London Wonderground, 3rd June 2013
The hazy mirrored interior of the Spiegeltent, and the classic European signage outside, evoke in me even hazier memories of the movie ‘Cabaret’, with its volatile atmosphere. The feeling that Circa’s Beyond is not going to be wholesome family fun is only heightened when the show is opened by a contortionist who, disturbingly, fixes each of us with a piercing stare before scurrying away from the central raised stage as the calliope-style music starts, and the tumblers throw themselves forward to introduce the evening’s entertainment.
Rowan Heydon-White, the matriarch of this strange troupe of black and white creatures, (who, in another world, might have been labelled ‘ring-mistress’), announces that ‘Inside each of us is an animal. And also a person. But sometimes the line is unclear.’ The company certainly play between the two, exploring the subtleties of dominance and sex which characterise all animal and human behaviour, and subverting whatever rules they can. This is particularly explicit in their reversal of the traditional flyer/catcher roles; in Beyond, women base the acrobalance and aerial acts, and men nimbly perform the more decorative functions in the air.
Surreal animal heads appear and disappear, masking the performers own, straight out of the furry fandom subculture. They have some amusement value in their novelty, but the performers excel in their physical prowess rather than their comic engagement.
The first few acts are characterised by a strong acrobatic and contact dance flavour, with a mesmerising stirrups act from the eerily bending Bridie Hooper who eyes us with a look that, if not malevolent exactly, suggests that no good is going to come of us. Paul O’Keeffe presents a tender pas de deux with an A4 piece of paper, which is far more effective than his faux-fall routine in furry lion costume.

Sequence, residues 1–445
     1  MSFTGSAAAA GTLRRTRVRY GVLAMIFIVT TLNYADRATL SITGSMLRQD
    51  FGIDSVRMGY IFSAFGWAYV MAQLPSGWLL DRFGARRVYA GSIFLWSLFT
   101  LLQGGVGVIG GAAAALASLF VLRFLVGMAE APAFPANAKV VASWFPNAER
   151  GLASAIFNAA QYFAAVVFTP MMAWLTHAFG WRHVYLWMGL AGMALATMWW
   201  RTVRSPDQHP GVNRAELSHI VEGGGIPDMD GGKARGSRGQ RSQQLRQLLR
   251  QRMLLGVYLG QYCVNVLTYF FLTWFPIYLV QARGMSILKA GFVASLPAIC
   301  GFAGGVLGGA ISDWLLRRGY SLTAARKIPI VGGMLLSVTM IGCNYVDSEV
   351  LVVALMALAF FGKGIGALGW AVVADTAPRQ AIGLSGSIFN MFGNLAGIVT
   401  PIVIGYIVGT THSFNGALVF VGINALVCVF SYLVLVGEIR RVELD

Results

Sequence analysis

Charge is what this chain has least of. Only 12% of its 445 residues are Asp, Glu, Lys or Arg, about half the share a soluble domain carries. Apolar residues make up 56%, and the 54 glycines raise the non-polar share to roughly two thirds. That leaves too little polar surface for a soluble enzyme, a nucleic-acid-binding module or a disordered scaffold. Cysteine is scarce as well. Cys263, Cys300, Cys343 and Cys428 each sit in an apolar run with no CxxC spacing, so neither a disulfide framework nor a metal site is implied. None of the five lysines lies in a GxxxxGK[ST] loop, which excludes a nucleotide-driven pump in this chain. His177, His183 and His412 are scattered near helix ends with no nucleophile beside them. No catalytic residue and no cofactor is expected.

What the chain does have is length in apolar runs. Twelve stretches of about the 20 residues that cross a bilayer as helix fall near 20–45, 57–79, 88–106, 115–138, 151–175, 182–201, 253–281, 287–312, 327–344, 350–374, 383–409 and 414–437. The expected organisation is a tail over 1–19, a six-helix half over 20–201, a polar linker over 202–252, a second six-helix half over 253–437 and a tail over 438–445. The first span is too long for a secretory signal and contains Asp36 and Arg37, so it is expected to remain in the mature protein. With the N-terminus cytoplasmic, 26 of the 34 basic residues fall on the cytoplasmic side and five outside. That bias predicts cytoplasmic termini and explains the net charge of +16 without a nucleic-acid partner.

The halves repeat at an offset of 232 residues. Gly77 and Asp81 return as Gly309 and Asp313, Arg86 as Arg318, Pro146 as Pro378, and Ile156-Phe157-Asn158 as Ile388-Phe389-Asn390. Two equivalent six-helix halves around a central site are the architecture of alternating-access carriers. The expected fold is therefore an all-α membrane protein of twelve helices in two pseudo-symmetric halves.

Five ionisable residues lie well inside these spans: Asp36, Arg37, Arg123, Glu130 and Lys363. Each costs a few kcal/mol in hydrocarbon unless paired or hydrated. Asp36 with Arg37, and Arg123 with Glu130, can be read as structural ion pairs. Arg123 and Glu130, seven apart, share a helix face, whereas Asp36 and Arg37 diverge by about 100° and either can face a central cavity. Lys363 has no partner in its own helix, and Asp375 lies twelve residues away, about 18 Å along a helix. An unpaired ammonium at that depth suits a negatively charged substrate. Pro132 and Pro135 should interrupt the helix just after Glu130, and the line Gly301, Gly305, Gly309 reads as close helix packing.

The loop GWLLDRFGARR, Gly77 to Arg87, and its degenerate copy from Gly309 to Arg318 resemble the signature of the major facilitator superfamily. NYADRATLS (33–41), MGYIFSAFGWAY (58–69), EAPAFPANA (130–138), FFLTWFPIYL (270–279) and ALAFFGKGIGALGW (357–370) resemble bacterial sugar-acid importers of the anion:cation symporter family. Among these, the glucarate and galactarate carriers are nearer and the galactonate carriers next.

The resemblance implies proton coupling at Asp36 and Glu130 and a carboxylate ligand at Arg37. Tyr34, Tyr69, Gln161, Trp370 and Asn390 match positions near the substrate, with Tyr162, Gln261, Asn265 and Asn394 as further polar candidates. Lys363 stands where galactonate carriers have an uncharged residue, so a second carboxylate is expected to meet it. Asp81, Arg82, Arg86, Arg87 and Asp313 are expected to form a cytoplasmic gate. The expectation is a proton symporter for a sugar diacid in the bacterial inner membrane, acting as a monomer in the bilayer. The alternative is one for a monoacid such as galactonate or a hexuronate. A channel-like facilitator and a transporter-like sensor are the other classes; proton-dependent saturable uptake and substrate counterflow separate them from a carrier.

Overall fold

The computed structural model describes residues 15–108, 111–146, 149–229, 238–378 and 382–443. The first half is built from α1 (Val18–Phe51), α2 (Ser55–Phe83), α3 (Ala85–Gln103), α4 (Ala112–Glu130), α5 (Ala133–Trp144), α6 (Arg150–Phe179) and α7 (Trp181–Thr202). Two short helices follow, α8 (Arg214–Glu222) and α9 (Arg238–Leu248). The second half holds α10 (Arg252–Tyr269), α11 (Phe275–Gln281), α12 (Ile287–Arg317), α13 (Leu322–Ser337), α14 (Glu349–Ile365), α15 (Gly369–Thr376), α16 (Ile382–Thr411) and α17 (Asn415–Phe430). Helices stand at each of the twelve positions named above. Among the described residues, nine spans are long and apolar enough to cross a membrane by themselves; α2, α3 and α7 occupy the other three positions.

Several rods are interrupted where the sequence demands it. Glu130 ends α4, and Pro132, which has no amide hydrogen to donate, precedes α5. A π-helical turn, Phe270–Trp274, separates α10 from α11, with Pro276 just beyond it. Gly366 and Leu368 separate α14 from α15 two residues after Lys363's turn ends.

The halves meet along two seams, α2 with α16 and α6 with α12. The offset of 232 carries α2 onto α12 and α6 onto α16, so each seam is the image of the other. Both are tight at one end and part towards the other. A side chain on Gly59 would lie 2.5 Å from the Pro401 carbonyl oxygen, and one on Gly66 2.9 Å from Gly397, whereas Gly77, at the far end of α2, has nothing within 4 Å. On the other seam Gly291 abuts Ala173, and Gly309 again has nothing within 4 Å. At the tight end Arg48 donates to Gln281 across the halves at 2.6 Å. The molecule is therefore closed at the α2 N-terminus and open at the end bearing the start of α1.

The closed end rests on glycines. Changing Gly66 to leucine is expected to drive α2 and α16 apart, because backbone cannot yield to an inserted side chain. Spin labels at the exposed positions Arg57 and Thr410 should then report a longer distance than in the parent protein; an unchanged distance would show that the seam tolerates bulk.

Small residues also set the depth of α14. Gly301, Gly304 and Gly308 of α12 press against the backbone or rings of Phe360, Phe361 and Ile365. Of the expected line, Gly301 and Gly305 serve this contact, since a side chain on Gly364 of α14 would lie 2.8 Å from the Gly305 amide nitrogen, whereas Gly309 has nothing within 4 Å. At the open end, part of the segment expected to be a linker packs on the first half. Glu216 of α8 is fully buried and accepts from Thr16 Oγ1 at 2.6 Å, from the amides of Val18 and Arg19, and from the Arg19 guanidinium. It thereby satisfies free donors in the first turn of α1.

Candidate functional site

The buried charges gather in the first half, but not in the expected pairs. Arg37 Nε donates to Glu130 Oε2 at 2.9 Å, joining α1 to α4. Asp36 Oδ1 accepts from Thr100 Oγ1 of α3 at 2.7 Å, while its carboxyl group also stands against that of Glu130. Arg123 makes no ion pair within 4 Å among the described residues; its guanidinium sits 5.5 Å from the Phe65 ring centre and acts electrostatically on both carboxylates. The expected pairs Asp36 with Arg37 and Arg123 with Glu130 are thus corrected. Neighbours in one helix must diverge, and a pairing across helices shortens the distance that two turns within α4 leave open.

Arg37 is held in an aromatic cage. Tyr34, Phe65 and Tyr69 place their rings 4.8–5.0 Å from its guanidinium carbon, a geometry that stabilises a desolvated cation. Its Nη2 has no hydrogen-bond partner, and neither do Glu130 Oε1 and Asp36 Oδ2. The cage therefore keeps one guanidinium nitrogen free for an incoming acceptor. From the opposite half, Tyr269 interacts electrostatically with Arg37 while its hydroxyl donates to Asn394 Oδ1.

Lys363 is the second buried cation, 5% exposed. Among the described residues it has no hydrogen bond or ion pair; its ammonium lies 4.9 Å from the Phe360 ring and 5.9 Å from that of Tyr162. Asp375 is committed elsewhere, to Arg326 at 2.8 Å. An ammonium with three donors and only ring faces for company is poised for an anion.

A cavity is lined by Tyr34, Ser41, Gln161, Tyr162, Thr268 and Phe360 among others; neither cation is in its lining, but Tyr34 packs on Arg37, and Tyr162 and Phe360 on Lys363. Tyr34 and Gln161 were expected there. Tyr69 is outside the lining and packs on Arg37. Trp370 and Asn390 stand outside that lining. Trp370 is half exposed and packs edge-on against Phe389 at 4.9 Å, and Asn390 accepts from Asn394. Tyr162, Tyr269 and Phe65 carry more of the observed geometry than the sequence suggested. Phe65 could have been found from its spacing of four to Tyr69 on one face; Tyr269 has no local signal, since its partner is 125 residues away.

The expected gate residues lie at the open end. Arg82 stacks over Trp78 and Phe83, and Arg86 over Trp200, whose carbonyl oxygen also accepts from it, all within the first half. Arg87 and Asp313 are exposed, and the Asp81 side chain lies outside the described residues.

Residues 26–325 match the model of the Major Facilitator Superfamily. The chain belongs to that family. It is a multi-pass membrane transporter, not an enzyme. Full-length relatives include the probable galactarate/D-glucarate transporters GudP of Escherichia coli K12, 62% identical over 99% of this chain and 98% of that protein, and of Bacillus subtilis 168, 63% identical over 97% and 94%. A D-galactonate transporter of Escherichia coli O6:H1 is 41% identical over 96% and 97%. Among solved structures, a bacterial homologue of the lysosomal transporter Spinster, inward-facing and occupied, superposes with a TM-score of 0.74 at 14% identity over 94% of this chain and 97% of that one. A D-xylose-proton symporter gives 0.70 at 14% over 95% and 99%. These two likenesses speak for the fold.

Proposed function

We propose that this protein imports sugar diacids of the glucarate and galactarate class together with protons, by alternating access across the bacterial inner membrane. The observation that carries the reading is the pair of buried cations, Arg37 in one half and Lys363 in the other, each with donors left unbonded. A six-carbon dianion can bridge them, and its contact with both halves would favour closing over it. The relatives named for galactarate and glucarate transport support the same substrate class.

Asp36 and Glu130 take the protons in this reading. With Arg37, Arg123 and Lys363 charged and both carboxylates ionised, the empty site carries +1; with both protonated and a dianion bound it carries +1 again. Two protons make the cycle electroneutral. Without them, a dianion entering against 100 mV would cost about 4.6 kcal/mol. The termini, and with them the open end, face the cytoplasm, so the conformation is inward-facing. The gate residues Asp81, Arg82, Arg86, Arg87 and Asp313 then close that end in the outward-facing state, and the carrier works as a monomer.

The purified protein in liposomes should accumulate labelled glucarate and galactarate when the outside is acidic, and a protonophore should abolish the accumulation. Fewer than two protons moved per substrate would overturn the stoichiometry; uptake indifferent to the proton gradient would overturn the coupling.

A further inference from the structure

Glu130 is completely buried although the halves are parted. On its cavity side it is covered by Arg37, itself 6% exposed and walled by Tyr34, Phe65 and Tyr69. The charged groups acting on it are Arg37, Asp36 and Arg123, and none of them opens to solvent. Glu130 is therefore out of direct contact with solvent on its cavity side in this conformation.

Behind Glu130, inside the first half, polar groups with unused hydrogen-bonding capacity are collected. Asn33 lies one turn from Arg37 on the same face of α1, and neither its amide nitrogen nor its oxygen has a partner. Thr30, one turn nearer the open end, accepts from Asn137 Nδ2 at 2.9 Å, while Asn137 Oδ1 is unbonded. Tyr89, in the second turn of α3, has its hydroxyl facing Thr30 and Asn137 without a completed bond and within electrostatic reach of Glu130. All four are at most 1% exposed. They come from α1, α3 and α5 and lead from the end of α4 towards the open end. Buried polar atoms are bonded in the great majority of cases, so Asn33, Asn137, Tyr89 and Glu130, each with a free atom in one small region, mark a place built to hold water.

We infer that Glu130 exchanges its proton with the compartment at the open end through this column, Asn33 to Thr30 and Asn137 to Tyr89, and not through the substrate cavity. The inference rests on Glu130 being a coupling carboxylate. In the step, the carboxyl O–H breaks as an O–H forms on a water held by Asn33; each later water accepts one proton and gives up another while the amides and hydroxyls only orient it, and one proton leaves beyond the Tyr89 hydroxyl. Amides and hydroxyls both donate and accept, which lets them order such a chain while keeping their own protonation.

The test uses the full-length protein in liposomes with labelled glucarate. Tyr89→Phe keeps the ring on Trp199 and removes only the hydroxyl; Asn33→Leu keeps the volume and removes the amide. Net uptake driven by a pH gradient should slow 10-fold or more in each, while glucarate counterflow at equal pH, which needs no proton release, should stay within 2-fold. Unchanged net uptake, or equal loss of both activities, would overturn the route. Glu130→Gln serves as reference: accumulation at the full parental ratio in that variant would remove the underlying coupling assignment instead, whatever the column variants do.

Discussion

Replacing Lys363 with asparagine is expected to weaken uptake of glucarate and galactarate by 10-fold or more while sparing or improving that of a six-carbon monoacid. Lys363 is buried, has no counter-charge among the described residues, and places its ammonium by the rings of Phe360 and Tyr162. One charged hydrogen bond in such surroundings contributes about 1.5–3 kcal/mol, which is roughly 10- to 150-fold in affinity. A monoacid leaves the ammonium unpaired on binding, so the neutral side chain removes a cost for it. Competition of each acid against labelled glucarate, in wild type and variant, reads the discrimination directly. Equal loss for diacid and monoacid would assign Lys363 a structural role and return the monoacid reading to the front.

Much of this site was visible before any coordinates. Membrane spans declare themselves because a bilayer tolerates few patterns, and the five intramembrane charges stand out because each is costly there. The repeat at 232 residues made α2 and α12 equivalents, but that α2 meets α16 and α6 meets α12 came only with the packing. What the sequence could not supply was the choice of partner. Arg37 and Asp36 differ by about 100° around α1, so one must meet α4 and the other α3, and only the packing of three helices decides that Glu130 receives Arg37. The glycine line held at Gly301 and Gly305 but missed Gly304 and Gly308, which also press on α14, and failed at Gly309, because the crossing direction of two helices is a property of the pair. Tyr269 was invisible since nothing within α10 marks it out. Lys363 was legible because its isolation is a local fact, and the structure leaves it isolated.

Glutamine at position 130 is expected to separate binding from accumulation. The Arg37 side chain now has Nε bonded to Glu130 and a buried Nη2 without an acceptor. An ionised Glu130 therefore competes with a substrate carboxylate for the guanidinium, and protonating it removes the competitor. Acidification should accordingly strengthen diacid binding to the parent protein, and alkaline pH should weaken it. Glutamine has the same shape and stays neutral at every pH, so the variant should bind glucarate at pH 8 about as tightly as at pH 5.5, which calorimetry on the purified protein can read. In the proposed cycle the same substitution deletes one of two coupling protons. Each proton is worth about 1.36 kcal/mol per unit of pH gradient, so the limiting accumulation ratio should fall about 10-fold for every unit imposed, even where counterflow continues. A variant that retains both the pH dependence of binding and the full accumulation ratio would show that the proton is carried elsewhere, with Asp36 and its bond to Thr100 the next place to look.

My heart is in my mouth as he somersaults into a hocks hold with his head only inches from the floor, caught by Heydon-White on the low trapeze as part of their electric doubles routine; and a disbelieving grimace erupts among the audience as the pair attempt a jaw-hang.
The soundtrack of cabaret classics – from ‘New York, New York’ via ‘A Nightingale Sang in Berkeley Square’ to a German version of ‘Strangers in the Night’ – keeps us close enough to our familiar world to highlight its surreal truths and the ridiculousness of being alive. I am kept on the edge of my seat eagerly anticipating what bizarre spectacle may materialise next.
The placing of Gerramy Marsden’s act is inspired, adding to his natural comic pacing and charm to create a very funny rolla bolla and block juggling act, for which he receives the biggest applause so far.
Billie Wilson-Coffey’s silks act lacks magic until it becomes a tug of war to Rage Against The Machine, developing into a doubles act with Heydon-White.
We are also treated to an invigorating symbolic shrouding, the appearance of a chinese pole and Skip Walker-Milne in a bear suit, and a take on the famous fit-through-a-tennis-racquet routine that again reminds us of our cabaret venue setting. In Beyond, however, the provocations and alternate realities offered take us deeper than just a series of skilled acts; if these were starred reviews, this would get the full 5.
All members of this tiny troupe are talented performers, but Hooper, Heydon-White and O’Keeffe are each phenomenal. Put them together, under the direction of circus visionary Yaron Lifschitz – who has headed up the Australian company since it evolved from the ailing Rock and Roll Circus in 2004 – and something astounding cannot fail to appear.
Even I didn’t realise how deeply I’d been affected, until surprising myself with sudden tears watching the company’s final construction against a soundtrack of ‘The Impossible Dream’; for, after all, isn’t this how all we crazy human animals dream?